“Am I up for it?” Lindsey said. She turned her head, pretending to think. His condescension didn’t surprise her. Her sister and mother may have had their own little two-person alliance, but that didn’t mean Dad was on her side. He’d always played Switzerland in their family battles, and she’d always been alone and outnumbered. “I’m not gonna swoop in and ruin everything if that’s what you’re asking. I know how much this means to you. I mean, I’ve never met someone who craves recognition more in my entire life. And I’m in high school!”

Her dad recoiled, as if he had been slapped, and her mom put her arm around him and cooed into his ear as they walked briskly toward a coffee kiosk. They whispered together, occasionally turning to survey Lindsey, as if perplexed as to how two well-intentioned people like themselves could have raised such a snake-haired Medusa. When they returned, their reaction was precisely what Lindsey would expect. Her attitude, they said, was appalling. They were ashamed of her. She was grounded and needed to take the BART right back home. Lindsey nodded and said she understood. It was 11:30 a.m., the sun almost reaching its peak, the entire city spread out before her. It was almost too easy.

Once her family was out of sight, she put on her sunglasses and headed toward Powell Street Station to meet up with Derek. She felt almost sorry for the embarrassingly earnest tourists headed for the waterfront: pointing at landmarks, sporting Fisherman’s Wharf T-shirts, stopping in the middle of sidewalks to take photos of unremarkable city streets. She felt it was critically important to never seem too impressed by anything. To do so was to lessen your own stature, whatever semblance of power you had. But her own efforts to be cool and blend seamlessly into the crowd were threatened when she heard Sarah yell her name, and she turned to see her sister’s wobbling breasts bouncing full speed ahead toward her.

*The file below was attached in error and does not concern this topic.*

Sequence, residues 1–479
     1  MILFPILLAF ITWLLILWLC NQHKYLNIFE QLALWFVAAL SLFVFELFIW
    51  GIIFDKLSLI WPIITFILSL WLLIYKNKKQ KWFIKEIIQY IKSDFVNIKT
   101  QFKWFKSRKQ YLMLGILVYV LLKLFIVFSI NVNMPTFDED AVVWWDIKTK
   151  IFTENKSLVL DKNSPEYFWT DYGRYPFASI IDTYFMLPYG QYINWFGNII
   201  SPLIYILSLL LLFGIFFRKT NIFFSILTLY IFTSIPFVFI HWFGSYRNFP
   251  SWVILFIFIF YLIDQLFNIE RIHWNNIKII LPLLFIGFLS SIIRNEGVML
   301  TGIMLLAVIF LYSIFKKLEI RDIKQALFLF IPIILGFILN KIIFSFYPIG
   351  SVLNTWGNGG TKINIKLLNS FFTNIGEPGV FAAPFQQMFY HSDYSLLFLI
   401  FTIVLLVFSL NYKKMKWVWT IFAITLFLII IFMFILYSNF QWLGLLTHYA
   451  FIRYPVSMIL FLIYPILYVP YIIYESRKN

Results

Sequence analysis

“Hey! Are you heading to Occupy?” Sarah said, wiping the sweat off her upper lip as she tried to catch her breath. The Walk sign turned on, and Lindsey pressed forward, arms pumping by her sides. Oh God, was Sarah heading there too? Lindsey kept her gaze focused straight ahead, hoping if she walked fast enough her sister would give up and stay behind. “Don’t worry,” Sarah said. “I’m not gonna tattle. I’m actually heading there too.”